Review Summary: I can't believe I chose the mountains every time you chose the sea is a good place to think we need more post-coital and less post-rock.
I'll be honest: Los Campesinos! annoy the living hell out of me. They make me want to dance around my room and break things, and they get me out of bed in the morning just so I can turn them off, then learn the lyrics and run through my city centre at night screaming, “Fu
ck Los Campesinos!” while my footsteps match the trumpets at the end of 'In Medias Res'. But mostly I just put them on when I'm bored so I have something to think about and someone to talk to. But enough about me: as the record's first lyrics instruct, 'let's talk about you for a minute'
, and whether you fit the description. You see, Welsh indie-rock outfit Los Campesinos! are erratic and weird and all that, but in the end their unpredictable nature is pretty predictable as long as you're like they are. Young. Dizzy. In love. If you prefer terrible nights on the town to boring ones and fiery break-ups to mediocre relationships, they're a band that will find a place in your record collection, even if you only dust them off once a year when you feel like tedium is taking over. If you prefer quiet nights in and falling asleep with a nice book? Best to steer clear.
Notice that a paragraph back I referred to Los Campesinos! as indie-rockers. A year back anything other than indie-pop would have been wholly inaccurate, but that was back when the band were all jangly melodies and cute rhythms, writing songs about ex-girlfriends and best described as 'quirky'. On Romance Is Boring
the most sufficient tag you can apply is 'abrasive'; their quirks have become the staple of their music rather than the accessories, the sudden 2-minute guitar-driven noisefest that is 'Plan A' providing the clearest example of a group that's incapable of sitting still or doing things the normal way, however much more accessible, or sometimes even enjoyable, that might make them. Some of the abrasive moments are debatably accidental; take the lead vocals on 'Who Fell Asleep In', which are – to put it simply – bad. Here's the thing, though, about Los Campesinos!, now more than ever: they seriously make you rethink your definition of such words. Over repeated listens, Gareth Campesinos!' vocals grow and the focus switches to an almost baroque, mid-tempo and intricate backdrop of guitars and violins and heaven knows what. It's one of several potentially grating moments that wins on an intrigue level first and gradually reveals itself as deliberate.
That intrigue stems from the kitchen-sink approach the band possess towards songwriting. With the single exception of the title-track (the album's most straightforward indie-rock song by some way) every last offering features densely packed soundscapes with their roots in post-punk/indie guitars and organic drums but a massive array of supporting instruments that take up just as much of the stage, if not more. These range from synths to electronics, from vocal filters to gang vocals, from brass to strings and from glockenspiels to odd piano flurries. They come at unexpected moments; the chances of Romance Is Boring
ever being transcribed to sheet music is ridiculously tiny, such is the schizophrenic nature of the very modern, dirty indie-rock sound on display. Much as these soundscapes and constructions are complex in a way that implies a lot of care and time is taken, one gets the impression they aren't revisited with much anxiety. There are fleeting interludes in '200-102' (folksy guitars and echoed thuds abound) and 'Heart Swells/100-1' (all tunnel vocals and dial-twiddling ambience) that seem carefree and are simple in their composition, despite what the effects would suggest.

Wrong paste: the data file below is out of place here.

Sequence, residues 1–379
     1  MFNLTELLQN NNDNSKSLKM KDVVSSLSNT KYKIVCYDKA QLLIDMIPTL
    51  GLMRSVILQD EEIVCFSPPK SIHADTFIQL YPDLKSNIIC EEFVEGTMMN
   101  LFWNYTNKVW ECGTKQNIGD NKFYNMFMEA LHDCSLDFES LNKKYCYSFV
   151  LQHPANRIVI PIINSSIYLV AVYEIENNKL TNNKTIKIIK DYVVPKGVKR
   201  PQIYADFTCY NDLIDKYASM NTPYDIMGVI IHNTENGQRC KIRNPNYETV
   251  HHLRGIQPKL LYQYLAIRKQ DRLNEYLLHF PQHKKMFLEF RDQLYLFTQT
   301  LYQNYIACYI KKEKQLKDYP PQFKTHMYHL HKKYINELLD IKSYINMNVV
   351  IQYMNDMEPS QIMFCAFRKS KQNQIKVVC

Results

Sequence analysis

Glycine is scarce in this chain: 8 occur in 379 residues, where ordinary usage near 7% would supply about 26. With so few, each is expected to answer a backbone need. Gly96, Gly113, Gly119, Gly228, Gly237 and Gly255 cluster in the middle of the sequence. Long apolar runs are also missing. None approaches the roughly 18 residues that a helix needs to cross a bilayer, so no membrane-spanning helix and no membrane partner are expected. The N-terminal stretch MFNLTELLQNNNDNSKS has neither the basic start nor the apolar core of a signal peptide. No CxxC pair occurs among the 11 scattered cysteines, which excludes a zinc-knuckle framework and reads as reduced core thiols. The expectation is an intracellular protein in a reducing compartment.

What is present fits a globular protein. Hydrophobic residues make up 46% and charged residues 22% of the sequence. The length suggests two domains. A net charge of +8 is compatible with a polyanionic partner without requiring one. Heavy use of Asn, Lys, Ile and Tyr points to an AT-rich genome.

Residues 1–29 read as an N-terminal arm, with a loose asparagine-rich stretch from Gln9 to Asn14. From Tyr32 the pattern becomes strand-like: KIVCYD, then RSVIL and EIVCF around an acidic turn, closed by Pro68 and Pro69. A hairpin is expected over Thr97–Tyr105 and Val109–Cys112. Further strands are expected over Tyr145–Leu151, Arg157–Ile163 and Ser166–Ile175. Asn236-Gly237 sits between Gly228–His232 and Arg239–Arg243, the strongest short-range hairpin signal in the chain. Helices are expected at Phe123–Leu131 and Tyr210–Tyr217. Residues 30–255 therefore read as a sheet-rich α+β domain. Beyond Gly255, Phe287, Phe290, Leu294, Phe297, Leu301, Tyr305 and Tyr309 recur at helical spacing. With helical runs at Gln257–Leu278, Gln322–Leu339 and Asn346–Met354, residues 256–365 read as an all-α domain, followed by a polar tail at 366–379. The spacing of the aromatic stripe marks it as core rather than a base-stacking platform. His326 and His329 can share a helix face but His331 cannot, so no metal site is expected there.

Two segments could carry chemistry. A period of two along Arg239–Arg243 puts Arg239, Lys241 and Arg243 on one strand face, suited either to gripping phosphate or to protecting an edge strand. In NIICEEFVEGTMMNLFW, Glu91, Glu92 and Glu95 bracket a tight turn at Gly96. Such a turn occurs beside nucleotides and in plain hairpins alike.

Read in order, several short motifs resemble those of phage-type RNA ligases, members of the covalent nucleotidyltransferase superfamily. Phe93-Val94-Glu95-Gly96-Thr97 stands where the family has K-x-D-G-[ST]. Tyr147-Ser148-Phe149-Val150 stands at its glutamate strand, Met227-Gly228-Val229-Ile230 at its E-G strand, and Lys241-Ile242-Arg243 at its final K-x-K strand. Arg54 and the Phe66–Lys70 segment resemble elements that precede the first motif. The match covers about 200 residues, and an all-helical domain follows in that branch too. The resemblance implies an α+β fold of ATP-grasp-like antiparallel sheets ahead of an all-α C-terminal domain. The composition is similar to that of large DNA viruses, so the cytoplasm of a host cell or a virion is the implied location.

But for all its revelry and disregard for pleasantries, Romance Is Boring
gradually finds its heart as it progresses, and climaxes with the astounding 'The Sea Is A Good Place To Think Of The Future'. A rare and uncompromisingly tender moment from a band known far better for their frenzied attitude, the late-album almost-ballad sounds, in no uncertain terms, like the last song a generation will care about. Opening amid a sombre picked guitar and understated strings, it addresses eating disorders and childhood reflection in an arresting and cinematic manner which, if nothing else, proves that Los Campesinos! aren't getting the other aspects of their sound right by accident. 'The Sea...' climaxes numerous times and its 4-minute runtime dissolves in its own engrossing nature, turning the record it adorns into a complete work rather than a collection of songs, and the favour is repaid as the song benefits from its maturity being head-and-shoulders above anything else present.
Should it not already be obvious, I don't understand this album. I merely play it. I could just as easily award Romance Is Boring
a 5 or a 1 and it would still say nothing about the likelihood of you enjoying it; even at a 4, the most arbitrary rating I've ever had to give by some margin, there are still times at which Los Campesinos! make absolutely no sense. That's the main way that Romance Is Boring
represents youth; if you don't like it, then it doesn't give a fu
ck. It has its bad days, its rough edges and its shocking moments. When 'Straight In At 101' bold-facedly asserts, 'Feels like the build-up takes forever, but you never touch my cock!'
the band quite evidently know exactly what they're doing. They're making you sit up and take notice. There is not a second as Romance Is Boring plays that it dares to lose your interest or get comfortable; it will either have you clapping your hands or shaking your head in disgust for 45 minutes straight, and sometimes both at the same time. fu
ck you, Los Campesinos!, and everything you stand for. I love you.